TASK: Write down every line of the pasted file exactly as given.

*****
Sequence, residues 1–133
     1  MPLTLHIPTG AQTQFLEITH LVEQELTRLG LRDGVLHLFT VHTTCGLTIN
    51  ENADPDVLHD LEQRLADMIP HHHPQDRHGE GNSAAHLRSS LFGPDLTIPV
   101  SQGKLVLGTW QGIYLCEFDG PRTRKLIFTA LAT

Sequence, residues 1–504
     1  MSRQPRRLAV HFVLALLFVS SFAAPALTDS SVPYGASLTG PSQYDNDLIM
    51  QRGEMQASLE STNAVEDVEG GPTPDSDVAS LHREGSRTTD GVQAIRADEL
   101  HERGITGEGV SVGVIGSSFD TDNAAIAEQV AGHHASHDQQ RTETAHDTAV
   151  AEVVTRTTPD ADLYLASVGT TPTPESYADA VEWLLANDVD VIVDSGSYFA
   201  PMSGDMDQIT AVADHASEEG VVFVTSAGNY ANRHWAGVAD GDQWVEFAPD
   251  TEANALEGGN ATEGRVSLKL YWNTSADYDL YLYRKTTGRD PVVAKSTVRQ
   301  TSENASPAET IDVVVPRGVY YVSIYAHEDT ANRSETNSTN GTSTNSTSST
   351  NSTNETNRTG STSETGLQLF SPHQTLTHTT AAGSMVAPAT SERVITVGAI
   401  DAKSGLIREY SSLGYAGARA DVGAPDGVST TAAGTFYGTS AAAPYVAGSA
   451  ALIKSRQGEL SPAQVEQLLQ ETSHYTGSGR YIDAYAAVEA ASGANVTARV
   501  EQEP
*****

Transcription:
Sequence, residues 1–133
     1  MPLTLHIPTG AQTQFLEITH LVEQELTRLG LRDGVLHLFT VHTTCGLTIN
    51  ENADPDVLHD LEQRLADMIP HHHPQDRHGE GNSAAHLRSS LFGPDLTIPV
   101  SQGKLVLGTW QGIYLCEFDG PRTRKLIFTA LAT

Sequence, residues 1–504
     1  MSRQPRRLAV HFVLALLFVS SFAAPALTDS SVPYGASLTG PSQYDNDLIM
    51  QRGEMQASLE STNAVEDVEG GPTPDSDVAS LHREGSRTTD GVQAIRADEL
   101  HERGITGEGV SVGVIGSSFD TDNAAIAEQV AGHHASHDQQ RTETAHDTAV
   151  AEVVTRTTPD ADLYLASVGT TPTPESYADA VEWLLANDVD VIVDSGSYFA
   201  PMSGDMDQIT AVADHASEEG VVFVTSAGNY ANRHWAGVAD GDQWVEFAPD
   251  TEANALEGGN ATEGRVSLKL YWNTSADYDL YLYRKTTGRD PVVAKSTVRQ
   301  TSENASPAET IDVVVPRGVY YVSIYAHEDT ANRSETNSTN GTSTNSTSST
   351  NSTNETNRTG STSETGLQLF SPHQTLTHTT AAGSMVAPAT SERVITVGAI
   401  DAKSGLIREY SSLGYAGARA DVGAPDGVST TAAGTFYGTS AAAPYVAGSA
   451  ALIKSRQGEL SPAQVEQLLQ ETSHYTGSGR YIDAYAAVEA ASGANVTARV
   501  EQEP